Crane Accident Leaves Two Men Injured at Pilbara Wharf

Crane Accident Leaves Two Men Injured at Pilbara Wharf

A crane accident at the Roy Hill South West Creek Wharf at Port Hedland has left two workers with serious leg injuries.

The incident happened just before midday yesterday when the two men were moving equipment aboard the Norwegian ship, Happy Buccaneer, according to The West Australian.

Both men were taken to the Hedland Health Campus with leg injuries.

Officers from the Australian Maritime Safety Authority have begun investigations into the cause of the accident.

The crane accident is the latest in a series of safety breaches in and around Gina Rinehart’s Roy Hill mine project in Western Australia.

In January two prohibition safety notices were issued to Roy Hill mine project operators by the Department of Mines and Petroleum (DMP) after concerns were raised over the unsafe operation of cranes and elevated working platforms at the site.

In November of last year, safety inspectors for the DMP claimed they were “laughed at by Roy Hill mine project workers” after raising safety concerns during an audit.

The audit documents, obtained by the ABC under freedom of information laws, say that DMP inspectors found “clear breaches of safe work practice requirements” during their April visit to the mine.

Speaking to the ABC yesterday, the North West organiser of the Maritime Union of Australia, Kyle McGinn, said there had been too many incidents of this kind in the Pilbara in recent months.

“As far as I’m aware, there’s been a serious incident onboard a foreign-manned vessel that was alongside the Roy Hill wharf,” he said.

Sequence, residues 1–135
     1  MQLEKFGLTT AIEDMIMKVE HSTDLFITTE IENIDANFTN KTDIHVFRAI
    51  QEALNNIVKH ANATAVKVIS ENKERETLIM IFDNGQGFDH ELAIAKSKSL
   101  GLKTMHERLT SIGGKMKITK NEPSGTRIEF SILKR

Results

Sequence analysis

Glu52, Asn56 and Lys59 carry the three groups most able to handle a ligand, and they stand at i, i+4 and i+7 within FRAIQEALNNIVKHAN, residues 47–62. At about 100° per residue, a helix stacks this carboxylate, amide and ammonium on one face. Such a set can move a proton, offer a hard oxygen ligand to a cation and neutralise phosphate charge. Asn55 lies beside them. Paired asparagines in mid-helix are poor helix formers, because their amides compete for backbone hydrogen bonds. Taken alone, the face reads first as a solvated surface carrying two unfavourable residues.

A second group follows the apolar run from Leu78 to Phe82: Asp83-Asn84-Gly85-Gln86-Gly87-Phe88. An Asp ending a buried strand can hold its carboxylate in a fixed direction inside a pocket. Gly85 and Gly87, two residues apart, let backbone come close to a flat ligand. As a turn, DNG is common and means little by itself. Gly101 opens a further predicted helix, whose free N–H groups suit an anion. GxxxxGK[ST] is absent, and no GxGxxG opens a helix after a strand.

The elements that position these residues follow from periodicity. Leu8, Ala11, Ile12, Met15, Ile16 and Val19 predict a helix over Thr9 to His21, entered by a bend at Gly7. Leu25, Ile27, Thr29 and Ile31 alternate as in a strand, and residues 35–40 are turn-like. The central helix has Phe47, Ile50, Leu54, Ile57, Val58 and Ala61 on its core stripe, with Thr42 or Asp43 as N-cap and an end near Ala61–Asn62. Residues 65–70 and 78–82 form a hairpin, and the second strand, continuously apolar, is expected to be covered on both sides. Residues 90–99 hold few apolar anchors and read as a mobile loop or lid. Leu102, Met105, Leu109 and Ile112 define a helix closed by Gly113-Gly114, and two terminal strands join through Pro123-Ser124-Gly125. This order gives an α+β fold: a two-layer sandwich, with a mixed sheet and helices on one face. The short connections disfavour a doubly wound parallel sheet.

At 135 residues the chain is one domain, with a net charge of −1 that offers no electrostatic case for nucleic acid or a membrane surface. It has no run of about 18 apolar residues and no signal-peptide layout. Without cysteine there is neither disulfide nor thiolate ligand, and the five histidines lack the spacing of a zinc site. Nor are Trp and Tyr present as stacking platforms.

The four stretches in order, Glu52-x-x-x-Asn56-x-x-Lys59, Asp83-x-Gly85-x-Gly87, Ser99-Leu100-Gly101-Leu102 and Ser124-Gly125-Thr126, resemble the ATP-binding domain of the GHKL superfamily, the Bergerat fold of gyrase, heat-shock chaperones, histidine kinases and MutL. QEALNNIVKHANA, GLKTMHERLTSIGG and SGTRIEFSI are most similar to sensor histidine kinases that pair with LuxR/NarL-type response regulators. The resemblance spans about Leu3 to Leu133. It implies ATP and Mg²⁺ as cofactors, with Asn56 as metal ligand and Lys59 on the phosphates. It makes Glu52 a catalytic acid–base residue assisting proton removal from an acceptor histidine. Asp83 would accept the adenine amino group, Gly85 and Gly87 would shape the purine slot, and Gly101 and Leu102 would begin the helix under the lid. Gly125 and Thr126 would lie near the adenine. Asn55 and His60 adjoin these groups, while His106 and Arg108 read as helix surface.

“This is again another foreign labor incident in the Pilbara.

“There have multiple incidents over the last 12 months involving foreign seafarers.

“Hopefully these men are covered under the ITF (International Bargaining Forum) agreement, which gives them some workers rights and they can be covered into their recovery.

“Any incident onboard a vessel involving machinery of this sort generally ends in either a serious incident or a fatality.”

A spokeswoman for Roy Hill mine, operators of the wharf, told  The West Australian that the company’s emergency response team was quick to respond to the incident.

“We received a request for assistance and our team immediately responded to the incident, providing medical treatment to the injured people before they were transported to Port Hedland hospital for treatment.

“Our thoughts are with the injured people, their families and work colleagues,” the spokeswoman said.

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